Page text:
Peony and Parakeet

Painting an Intuitive Fantasy

This week, I have a new fantasy painting, and I also share tips about selecting colors.

"Arotuuli / Steppe Wind", an acrylic painting by Paivi Eerola of Peony and Parakeet. Read her post about this intuitive fantasy painting!

This painting is called “Arotuuli,” which is “Steppe Wind” in English. “Aro” must be one of the few words that are shorter in Finnish than in English, as Finnish words are often very long. We write compound words without space, so it makes words look even longer.

Intuitive Fantasy Painting – Two Tips for the Beginning

I like to paint intuitively, and even if this painting has horses and a woman, it started with random strokes and abstract blocks, and I had no other idea than a secret wish to be able to include a horse at some point.

Tip 1 – Dark and Light

When filling the canvas with color, I like to make dark and light color mixes so that the 3-dimensional effect tickles my imagination.

Starting an intuitive painting. By Paivi Eerola of Peony and Parakeet.

Tip 2 – Less Can Be More

I also like to pick a narrow selection of colors so that the elements look like they are exposed to the same light. In this painting, I mostly used Phthalo Turquoise, Alizarin Crimson, Yellowish Green, and Titanium White. When mixing colors, less can be more!

A Couple of My Favorite Colors

I am especially fond of Yellowish Green and Alizarin Crimson, and I recommend them warmly. Let’s talk about them a bit more.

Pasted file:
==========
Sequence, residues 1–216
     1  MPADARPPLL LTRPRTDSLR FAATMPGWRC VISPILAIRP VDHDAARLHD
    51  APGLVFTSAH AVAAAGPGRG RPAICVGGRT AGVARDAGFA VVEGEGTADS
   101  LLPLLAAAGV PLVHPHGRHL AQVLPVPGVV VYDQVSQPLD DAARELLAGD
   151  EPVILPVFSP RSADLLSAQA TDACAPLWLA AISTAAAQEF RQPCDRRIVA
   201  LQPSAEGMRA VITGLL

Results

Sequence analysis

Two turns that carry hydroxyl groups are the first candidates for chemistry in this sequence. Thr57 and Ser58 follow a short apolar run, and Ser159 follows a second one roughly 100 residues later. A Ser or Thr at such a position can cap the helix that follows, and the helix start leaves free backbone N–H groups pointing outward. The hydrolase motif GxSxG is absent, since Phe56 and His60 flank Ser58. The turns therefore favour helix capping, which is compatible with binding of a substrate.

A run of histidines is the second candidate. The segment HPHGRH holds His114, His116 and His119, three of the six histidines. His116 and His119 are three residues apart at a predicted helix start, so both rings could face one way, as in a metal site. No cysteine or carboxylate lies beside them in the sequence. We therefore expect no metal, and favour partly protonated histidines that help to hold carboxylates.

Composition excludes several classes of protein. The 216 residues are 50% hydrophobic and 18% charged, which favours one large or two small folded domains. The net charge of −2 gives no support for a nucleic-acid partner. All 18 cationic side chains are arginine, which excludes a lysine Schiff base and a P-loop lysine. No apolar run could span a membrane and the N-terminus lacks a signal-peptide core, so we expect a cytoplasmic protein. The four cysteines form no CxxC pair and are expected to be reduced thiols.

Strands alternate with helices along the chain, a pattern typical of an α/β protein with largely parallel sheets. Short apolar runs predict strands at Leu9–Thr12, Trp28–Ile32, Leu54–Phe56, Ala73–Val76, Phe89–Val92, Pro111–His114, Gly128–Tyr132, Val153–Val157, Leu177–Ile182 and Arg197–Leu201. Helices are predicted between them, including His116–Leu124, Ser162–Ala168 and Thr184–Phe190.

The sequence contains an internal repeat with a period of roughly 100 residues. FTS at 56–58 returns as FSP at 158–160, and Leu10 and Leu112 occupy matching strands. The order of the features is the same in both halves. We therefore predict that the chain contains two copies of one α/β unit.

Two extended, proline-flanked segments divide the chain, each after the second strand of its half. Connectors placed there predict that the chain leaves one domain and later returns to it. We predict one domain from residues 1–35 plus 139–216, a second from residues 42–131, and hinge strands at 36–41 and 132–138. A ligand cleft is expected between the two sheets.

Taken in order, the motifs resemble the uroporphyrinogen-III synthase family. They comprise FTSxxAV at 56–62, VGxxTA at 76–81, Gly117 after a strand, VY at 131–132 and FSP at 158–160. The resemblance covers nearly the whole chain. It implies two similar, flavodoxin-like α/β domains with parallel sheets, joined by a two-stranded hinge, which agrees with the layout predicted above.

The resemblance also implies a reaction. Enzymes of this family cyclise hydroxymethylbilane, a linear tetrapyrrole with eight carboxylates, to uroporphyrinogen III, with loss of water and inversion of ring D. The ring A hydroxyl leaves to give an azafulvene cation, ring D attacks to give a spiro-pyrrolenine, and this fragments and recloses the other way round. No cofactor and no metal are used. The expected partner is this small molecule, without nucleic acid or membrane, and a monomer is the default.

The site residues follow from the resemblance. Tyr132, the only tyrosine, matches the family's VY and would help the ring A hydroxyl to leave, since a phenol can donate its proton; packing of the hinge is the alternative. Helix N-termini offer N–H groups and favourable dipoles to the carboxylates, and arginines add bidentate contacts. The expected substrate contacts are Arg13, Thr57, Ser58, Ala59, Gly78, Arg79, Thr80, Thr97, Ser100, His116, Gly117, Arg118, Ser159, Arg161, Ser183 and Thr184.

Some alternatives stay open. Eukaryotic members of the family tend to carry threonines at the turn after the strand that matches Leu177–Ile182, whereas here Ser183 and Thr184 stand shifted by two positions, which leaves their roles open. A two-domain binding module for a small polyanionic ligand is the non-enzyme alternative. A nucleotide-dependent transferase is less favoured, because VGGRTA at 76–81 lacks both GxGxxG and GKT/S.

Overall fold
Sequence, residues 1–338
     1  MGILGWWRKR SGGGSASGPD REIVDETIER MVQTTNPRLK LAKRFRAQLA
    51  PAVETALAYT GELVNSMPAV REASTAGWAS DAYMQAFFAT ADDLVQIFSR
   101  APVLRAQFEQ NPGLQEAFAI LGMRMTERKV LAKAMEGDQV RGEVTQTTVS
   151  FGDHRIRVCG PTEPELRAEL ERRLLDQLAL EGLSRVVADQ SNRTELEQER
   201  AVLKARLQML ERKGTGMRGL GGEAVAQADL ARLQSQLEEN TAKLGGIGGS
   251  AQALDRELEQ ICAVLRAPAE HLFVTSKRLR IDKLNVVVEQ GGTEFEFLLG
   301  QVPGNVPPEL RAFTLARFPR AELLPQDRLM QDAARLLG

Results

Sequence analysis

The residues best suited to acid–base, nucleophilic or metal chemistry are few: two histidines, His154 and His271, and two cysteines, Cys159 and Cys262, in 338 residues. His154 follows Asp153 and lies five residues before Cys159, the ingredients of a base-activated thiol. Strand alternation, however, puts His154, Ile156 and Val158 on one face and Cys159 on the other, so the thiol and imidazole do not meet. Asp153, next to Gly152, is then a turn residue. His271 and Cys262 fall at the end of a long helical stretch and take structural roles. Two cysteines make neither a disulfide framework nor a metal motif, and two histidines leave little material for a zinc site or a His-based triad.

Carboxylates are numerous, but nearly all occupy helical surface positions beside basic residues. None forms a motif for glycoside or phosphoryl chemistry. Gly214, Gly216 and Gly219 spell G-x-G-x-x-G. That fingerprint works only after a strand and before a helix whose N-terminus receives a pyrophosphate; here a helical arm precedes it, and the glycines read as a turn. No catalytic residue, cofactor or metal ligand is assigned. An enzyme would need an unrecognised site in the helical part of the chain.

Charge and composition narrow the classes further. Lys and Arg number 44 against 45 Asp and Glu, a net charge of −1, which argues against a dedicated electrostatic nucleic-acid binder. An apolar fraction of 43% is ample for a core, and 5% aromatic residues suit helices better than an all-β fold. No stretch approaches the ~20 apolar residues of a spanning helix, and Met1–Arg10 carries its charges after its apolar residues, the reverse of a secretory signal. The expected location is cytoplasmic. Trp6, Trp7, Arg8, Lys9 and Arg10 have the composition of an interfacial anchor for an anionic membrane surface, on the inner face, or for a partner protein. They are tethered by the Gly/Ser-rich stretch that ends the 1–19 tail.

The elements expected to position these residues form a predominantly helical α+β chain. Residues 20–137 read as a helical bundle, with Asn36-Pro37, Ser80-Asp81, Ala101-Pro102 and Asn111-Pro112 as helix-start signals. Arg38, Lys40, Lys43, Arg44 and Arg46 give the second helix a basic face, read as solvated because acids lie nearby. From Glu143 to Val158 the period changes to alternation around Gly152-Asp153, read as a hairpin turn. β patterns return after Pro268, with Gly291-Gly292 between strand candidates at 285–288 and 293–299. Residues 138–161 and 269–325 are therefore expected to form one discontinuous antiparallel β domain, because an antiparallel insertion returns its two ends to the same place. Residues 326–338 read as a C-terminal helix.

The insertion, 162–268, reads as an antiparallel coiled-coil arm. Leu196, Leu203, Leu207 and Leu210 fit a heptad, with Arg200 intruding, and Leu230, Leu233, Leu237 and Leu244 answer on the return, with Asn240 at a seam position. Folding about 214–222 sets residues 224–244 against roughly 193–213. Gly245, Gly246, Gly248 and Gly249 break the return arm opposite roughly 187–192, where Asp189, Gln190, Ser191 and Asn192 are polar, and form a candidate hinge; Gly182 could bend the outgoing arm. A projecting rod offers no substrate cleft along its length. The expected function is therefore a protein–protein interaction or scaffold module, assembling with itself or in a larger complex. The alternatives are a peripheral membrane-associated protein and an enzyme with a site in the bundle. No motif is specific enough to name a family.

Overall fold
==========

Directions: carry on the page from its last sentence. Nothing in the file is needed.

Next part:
Color 1 – Yellowish Green

Yellowish Green is a color mix manufactured by Schminke Primacryl. I bought this tube because I love Daniel Smith’s Rich Green Gold in watercolors, and I wanted to have a similar tone in acrylics. I like colors that remind me of lemons and lime fruits – one of the most beautiful things in the world – and I always find use for yellows. This color is like two colors in one tube: it works very well with the mixes that require yellow, but it also produces beautiful greens with blues.

Yellowish Green by Schminke PrimAcryl.

Color 2 – Alizarin Crimson

Alizarin Crimson is an ugly red. I don’t think you would buy it if you didn’t know more about it. It looks like dried blood but works very well with color mixes. White reveals its gentler side, and when mixed with blues, you can get beautiful blacks, browns, and dark purples. It produces a pleasant and quite sunny orange with yellows, and in general, it’s a workhorse, always willing to step in.

Alizarin Crimson, a beautiful red for color mixes. Manufactured by Golden Acrylics.

Alizarin Crimson was originally manufactured from madder, but these old organic dyes faded or changed within time, so nowadays we use synthetic substitutes. I found this color in oils first. Schminke’s oil paint is called “Alizarin Madder Lake”. My tube, manufactured by Golden, is “Alizarin Crimson Hue”. Alizarin Crimson is sometimes called “Madder Lake” or “Alizarin Red,” and the tone may vary. Pick the darkest and ugliest one!

If you are a color nerd, Bright Earth by Philip Ball is a comprehensive book about pigments and their origin.

Here’s the painting before I started adding the figures. The image shows well how Yellowish Green and Alizarin Crimson work in color mixes.

An intuitive acrylic painting in progress. By Paivi Eerola of Peony and Parakeet.

Intuitive Fantasy Shape by Shape